Academic journal article Career Development Quarterly

Work Volition and Job Satisfaction: Examining the Role of Work Meaning and Person-Environment Fit

Academic journal article Career Development Quarterly

Work Volition and Job Satisfaction: Examining the Role of Work Meaning and Person-Environment Fit

Article excerpt

Building on core principles within the Psychology-of-Working Framework (PWF; Blustein, 2006, 2008), the authors examined mediators that may explain the link between work volition and job satisfaction among employed adults (135 women, 145 men). A structural equation model was tested hypothesizing that person-environment fit and work meaning would fully mediate the work volition-job satisfaction link. Results suggested that the reason work volition related to job satisfaction was because of stronger perceived fit with one's work environment and greater perceived meaning at work. In total, the predictor variables accounted for 82% of the variance in job satisfaction. Based on these findings, clinicians are encouraged to help clients understand the unique factors that may be limiting their work volition and to specifically target barriers that are amenable to change.

Keywords: work volition, job satisfaction, fit, work meaning

The Psychology-of-Working Framework (PWF; Blustein, 2006, 2008; Blustein, Kenna, Gill, & DeVoy, 2008) has expanded the focus of career decision-making science and practice from the narrow perspective of the well educated and affluent to the more inclusive perspective of those from marginalized and/or less privileged backgrounds. The central tenet of the PWF asserts that the majority of workers do not have complete freedom of choice in their career decision making, herein referred to as work volition. A number of financial, structural, and social barriers often exist that prevent individuals from making career decisions that are most in line with their personal interests, skills, and values, and that lead to the experience of meaningful work (Duffy & Dik, 2009). In particular, Blustein (2006) identifies the confluence of lower socioeconomic status, racism, sexism, homophobia, and disabling conditions as factors that can increase one's experience of barriers and decrease a sense of volition in choosing and pursuing a career path.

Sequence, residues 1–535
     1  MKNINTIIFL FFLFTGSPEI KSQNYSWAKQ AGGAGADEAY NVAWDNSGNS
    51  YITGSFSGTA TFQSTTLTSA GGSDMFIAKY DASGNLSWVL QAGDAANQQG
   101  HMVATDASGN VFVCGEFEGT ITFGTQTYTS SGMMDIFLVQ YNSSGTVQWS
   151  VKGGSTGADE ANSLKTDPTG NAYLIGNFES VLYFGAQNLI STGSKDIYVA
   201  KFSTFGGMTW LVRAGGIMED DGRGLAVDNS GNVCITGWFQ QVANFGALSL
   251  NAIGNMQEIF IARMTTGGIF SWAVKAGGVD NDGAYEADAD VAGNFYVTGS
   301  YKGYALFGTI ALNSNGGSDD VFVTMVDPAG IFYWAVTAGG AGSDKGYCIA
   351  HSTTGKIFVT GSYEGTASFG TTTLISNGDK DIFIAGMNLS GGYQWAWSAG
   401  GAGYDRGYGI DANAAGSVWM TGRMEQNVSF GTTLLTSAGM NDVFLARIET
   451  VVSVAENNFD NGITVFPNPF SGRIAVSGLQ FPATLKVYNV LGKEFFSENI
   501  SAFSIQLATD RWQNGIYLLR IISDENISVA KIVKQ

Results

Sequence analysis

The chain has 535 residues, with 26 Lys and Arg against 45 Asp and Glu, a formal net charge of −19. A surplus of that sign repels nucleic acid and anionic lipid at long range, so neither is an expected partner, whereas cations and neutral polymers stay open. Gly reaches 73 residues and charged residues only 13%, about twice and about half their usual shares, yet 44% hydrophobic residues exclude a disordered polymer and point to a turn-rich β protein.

Blustein (2006) and Duffy and Dik (2009) proposed that people who experience fewer constraints and increased volition are likely to sense heightened work-related well-being. This proposition is supported by multiple research findings. With diverse samples of working adults, previous research found that feeling more volitional in one's career decision making is positively correlated with increased work locus of control, job search self-efficacy, work self-efficacy, perceived organizational support, and, most notably, job satisfaction (Duffy, Bott, Allan, & Torrey, 2013; Duffy, Bott, Torrey, & Webster, 2013; Duffy, Diemer, Perry, Laurenzi, & Torrey, 2012). Even when controlling for the type of job that is attained, findings suggest that people who sense more volition experience more satisfaction with their work, whereas those with less volition sense hopelessness, frustration, and a view of their work as a means to survive (Blustein et al., 2002). Simply put, individuals who feel more choice in the jobs they wish to pursue tend to be more satisfied at work. But why does this connection exist? In the current study, we build on the central tenets of the PWF and the developmental contextual framework (Lerner, 2002) to examine variables that may explain the relation between work volition and job satisfaction. In particular, with a sample of working adults, we tested a model hypothesizing that work volition links to increased job satisfaction because of increased feelings of work meaning and person-environment (P-E) fit.

Work Volition and Job Satisfaction: A Psychology-of-Working Perspective

The PWF (Blustein, 2001, 2006) is grounded in the assumption that working has the potential to fulfill three basic human needs: (a) survival and power needs (e.g., food, water, physical safety, prestige), (b) relational needs (e.g., connectedness to other individuals in the workplace and to the broader society), and (c) self-determination needs (e.g., expression, engagement in intrinsically rewarding tasks; Blustein et al. …

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